N.T.o. Often in lxx. Nephews, in the now obsolete sense of grandsons or other lineal descendants. Derived from Lat. nepos. Trench (Select Glossary) remarks that nephew was undergone exactly the same change of meaning that nepos underwent, which, in the Augustan age, meaning grandson, in the post-Augustan age acquired the signification of nephew in our present acceptation of that word. Chaucer:
"How that my nevew shall my bane be."
Legend of Good Women, 2659.
'His (Jove's) blind nevew Cupido."
House of Fame, 67.
Jeremy Taylor: "Nephews are very often liken to their grandfathers than to their fathers."
Let them learn
The subject is the children and grandchildren. Holtzmann thinks the subject is any widow, used collectively. But the writer is treating of what should be done to the widow, not of what she is to do. The admonition is connected with widows indeed. They, as being utterly bereft, and without natural supporters, are to be cared for by the church; but if they have children or grandchildren, these should assume their maintenance.
In the first place: as their first and natural obligation.
To show piety at home (τὸν ἴδιον οἶκον εὐσεβεῖν)
More correctly, to show piety toward their own family. Piety in the sense of filial respect, though not to the exclusion of the religious sense. The Lat. pietas includes alike love and duty to the gods and to parents. Thus Virgil's familiar designation of Aeneas, "pius Aeneas," as describing at once his reverence for the gods and his filial devotion. The verb εὐσεβεῖν (only here and Acts 17:23) represents filial respect as an element of godliness (εὐσέβεια). For τὸν ἴδιον their own, see on Acts 1:7. It emphasizes their private, personal belonging, and contrasts the assistance given by them with that furnished by the church. It has been suggested that οἶκον household or family may mark the duty as an act of family feeling and honor.
To requite (ἀμοιβὰς ἀποδιδόναι)
An entirely unique expression. Ἁμοιβή requital, recompense is a familiar classical word, used with διδόναι to give, ἀποτιθέναι to lay down, τίνειν to pay, ποιεῖσθαι to make. N.T.o. Paul uses instead ἀντιμισθία (Romans 1:27; 2 Corinthians 6:13), or ἀνταπόδομα, (Romans 11:9), or ἀνταπόδοσις (Colossians 3:24). The last two are lxx words.
Their parents (τοῖς προγόνοις)
N.T.o. Parents is too limited. The word comprehends mothers and grandmothers and living ancestors generally. The word for parents is γονεῖς, see 2 Timothy 3:2; Romans 1:30; 2 Corinthians 12:14; Ephesians 6:1; Colossians 3:20. Πρόγονοι for living ancestors is contrary to usage. One instance is cited from Plato, Laws, xi. 932. The word is probably selected to correspond in form with ἔκγονα children.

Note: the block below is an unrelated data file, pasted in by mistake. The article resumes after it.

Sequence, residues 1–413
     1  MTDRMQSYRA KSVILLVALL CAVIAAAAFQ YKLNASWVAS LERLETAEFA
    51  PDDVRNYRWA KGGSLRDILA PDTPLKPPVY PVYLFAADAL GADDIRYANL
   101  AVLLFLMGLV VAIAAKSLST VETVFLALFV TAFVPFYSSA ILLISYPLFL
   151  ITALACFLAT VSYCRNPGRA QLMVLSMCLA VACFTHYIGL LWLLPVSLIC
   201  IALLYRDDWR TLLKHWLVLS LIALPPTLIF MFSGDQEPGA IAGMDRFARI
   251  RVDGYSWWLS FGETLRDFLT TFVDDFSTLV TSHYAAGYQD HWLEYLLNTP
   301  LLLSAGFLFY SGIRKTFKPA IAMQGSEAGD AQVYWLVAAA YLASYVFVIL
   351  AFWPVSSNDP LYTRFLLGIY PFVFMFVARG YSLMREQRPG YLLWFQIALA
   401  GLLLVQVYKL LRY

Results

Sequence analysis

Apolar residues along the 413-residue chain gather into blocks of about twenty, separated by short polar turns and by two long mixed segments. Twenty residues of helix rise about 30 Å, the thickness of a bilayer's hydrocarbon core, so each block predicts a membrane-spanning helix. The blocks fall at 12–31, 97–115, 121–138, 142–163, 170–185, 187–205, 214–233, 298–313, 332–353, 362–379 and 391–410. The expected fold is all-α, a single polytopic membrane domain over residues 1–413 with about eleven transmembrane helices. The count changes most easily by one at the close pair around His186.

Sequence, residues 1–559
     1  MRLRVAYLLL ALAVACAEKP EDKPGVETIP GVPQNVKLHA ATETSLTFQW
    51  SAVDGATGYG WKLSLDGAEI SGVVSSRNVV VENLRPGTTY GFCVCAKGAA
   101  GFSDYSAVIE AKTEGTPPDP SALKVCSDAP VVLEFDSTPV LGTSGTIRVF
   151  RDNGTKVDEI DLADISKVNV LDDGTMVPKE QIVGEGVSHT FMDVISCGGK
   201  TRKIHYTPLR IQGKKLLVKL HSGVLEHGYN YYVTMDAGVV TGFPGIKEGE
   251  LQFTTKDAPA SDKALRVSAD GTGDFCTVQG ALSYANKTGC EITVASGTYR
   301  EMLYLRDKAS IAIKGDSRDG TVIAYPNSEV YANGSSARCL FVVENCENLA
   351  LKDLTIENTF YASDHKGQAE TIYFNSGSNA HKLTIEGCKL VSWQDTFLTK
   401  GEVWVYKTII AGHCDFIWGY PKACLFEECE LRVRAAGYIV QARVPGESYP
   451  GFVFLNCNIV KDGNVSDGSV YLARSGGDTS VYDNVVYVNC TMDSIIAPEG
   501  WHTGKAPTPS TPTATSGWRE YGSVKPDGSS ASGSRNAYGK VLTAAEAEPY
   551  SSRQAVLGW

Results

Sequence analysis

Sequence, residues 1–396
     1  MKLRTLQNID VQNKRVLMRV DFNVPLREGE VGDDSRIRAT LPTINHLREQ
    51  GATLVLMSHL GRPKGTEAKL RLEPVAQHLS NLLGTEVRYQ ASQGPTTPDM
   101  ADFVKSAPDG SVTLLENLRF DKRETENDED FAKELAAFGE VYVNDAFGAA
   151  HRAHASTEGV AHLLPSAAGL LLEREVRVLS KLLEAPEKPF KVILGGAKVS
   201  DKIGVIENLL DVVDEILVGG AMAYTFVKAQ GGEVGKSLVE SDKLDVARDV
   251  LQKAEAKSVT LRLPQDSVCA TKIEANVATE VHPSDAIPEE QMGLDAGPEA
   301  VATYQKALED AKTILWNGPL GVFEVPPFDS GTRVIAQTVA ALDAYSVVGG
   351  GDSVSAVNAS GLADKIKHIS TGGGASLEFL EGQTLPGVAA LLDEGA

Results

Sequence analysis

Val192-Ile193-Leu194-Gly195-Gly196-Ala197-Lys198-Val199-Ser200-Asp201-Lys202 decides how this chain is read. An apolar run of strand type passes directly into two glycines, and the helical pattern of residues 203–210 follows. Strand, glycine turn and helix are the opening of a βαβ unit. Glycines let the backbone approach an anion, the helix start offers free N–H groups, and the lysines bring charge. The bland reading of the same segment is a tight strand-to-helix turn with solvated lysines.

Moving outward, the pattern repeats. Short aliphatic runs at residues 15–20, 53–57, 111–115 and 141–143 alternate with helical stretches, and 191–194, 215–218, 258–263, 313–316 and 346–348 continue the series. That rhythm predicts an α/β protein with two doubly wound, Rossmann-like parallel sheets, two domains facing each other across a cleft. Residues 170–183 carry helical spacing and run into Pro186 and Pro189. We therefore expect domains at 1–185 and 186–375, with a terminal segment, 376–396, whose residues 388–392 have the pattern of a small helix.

Good and acceptable (καλὸν καὶ ἀποδεκτὸν)
Frequent in N.T., especially Luke and Revelation. It occurs 31 times in the phrases ἐνώπιον τοῦ Θεοῦ in the sight of God, and ἐνώπιον κυρίου in the sight of the Lord. olxx. Comp. ἔμπροσθεν τοῦ Θεοῦ before God. Acts 10:4; 1 Thessalonians 1:3; 2:19; 3:9, 13. Not in Pastorals, and by Paul only 1 Thessalonians the difference is trifling. Comp. 1 John 3:19 and 22.
—Vincent's Word Studies in the New Testament
Well reported of (μαρτυρουμένη)
For good works (ἐν ἔργοις καλοῖς)
Lit. in good works; in the matter of. Comp. 1 Timothy 6:18; Titus 2:7; 3:8, 14. In the Gospels, ἔργον work appears with καλὸς and never with ἀγαθὸς. In Paul, always with ἀγαθὸς and never with καλὸς Kings In the Pastorals, with both. The phrase includes good deeds of all kinds, and not merely special works of beneficence. Comp. Acts 9:36.
Introducing the details of the general expression good works.
Have brought up children (ἐτεκνοτρόφησεν)
N.T.o. olxx; very rare in Class. The children may have been her own or others'.
Lodged strangers (ἐξενοδόχησεν)
Washed the feet
A mark of Oriental hospitality bestowed on the stranger arriving from a journey, and therefore closely associated with lodged strangers.
Of the saints (ἁγίων)
Ἅγιος is rare in Class. In lxx, the standard word for holy. Its fundamental idea is setting apart, as in Class., devoted to the gods. In O.T., set apart to God, as priests; as the Israelites consecrated to God. In N.T., applied to Christians. Ideally, it implies personal holiness. It is used of God, Christ, John the Baptist, God's law, the Spirit of God. Paul often uses οἱ ἅγιοι as a common designation of Christians belonging to a certain region or community, as Philippians 1:1; 2 Corinthians 1:1; Colossians 1:2. In such cases it does not imply actual holiness, but holiness obligatory upon those addressed, as consecrated persons, and appropriate to them. What ought to be is assumed as being. In this sense not in the Gospels (unless, possibly, Matthew 27:52) or in the Epistles of Peter and John. Rare in Acts.
Only here and v. 16. Comp. 1 Macc. 8:26; 11:35. Common in Class. Originally, to suffice for, to be strong enough for, as in Homer, where it is always used in connection with danger or injury. See Il. ii. 873; Od. xvii. 568. Hence, to ward off, help, assist.
The afflicted (θλιβομένοις)
Diligently followed (ἐπακο ουθησεν)
Comp. v. 24. Ἑπὶ after or close upon. oP. Once in the disputed verses at the end of Mark (16:20), and 1 Peter 2:21. Comp. the use of διώκειν pursue, Romans 9:30; 12:13; 1 Corinthians 14:1; 1 Thessalonians 5:15.
—Vincent's Word Studies in the New Testament